Climatic Change

, Volume 106, Issue 1, pp 93-127

First online:

Developing coastal adaptation to climate change in the New York City infrastructure-shed: process, approach, tools, and strategies

  • Cynthia RosenzweigAffiliated withNASA Goddard Institute for Space Studies Email author 
  • , William D. SoleckiAffiliated withHunter College of City University of New York
  • , Reginald BlakeAffiliated withCity University of New York, New York City College of Technology
  • , Malcolm BowmanAffiliated withState University of New York, Stony Brook
  • , Craig FarisAffiliated withAccenture
  • , Vivien GornitzAffiliated withColumbia University
  • , Radley HortonAffiliated withColumbia University
  • , Klaus JacobAffiliated withColumbia University
  • , Alice LeBlanc
    • , Robin LeichenkoAffiliated withRutgers University
    • , Megan LinkinAffiliated withSwiss Reinsurance America Corporation
    • , David MajorAffiliated withColumbia University
    • , Megan O’GradyAffiliated withColumbia University
    • , Lesley PatrickAffiliated withHunter College of City University of New York
    • , Edna SussmanAffiliated withSussman ADR, LLC
    • , Gary YoheAffiliated withWesleyan University
    • , Rae ZimmermanAffiliated withNew York University

Rent the article at a discount

Rent now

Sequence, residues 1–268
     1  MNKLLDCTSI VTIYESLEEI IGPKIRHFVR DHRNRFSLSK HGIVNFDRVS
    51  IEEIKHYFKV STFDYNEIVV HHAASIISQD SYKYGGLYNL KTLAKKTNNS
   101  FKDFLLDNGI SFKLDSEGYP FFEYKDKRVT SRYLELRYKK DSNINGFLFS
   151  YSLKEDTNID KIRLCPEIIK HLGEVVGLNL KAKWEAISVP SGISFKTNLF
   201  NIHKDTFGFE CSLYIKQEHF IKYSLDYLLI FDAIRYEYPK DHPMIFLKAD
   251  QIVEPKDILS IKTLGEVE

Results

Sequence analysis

* Final gross prices may vary according to local VAT.

Get Access


While current rates of sea level rise and associated coastal flooding in the New York City region appear to be manageable by stakeholders responsible for communications, energy, transportation, and water infrastructure, projections for sea level rise and associated flooding in the future, especially those associated with rapid icemelt of the Greenland and West Antarctic Icesheets, may be outside the range of current capacity because extreme events might cause flooding beyond today’s planning and preparedness regimes. This paper describes the comprehensive process, approach, and tools for adaptation developed by the New York City Panel on Climate Change (NPCC) in conjunction with the region’s stakeholders who manage its critical infrastructure, much of which lies near the coast. It presents the adaptation framework and the sea-level rise and storm projections related to coastal risks developed through the stakeholder process. Climate change adaptation planning in New York City is characterized by a multi-jurisdictional stakeholder–scientist process, state-of-the-art scientific projections and mapping, and development of adaptation strategies based on a risk-management approach.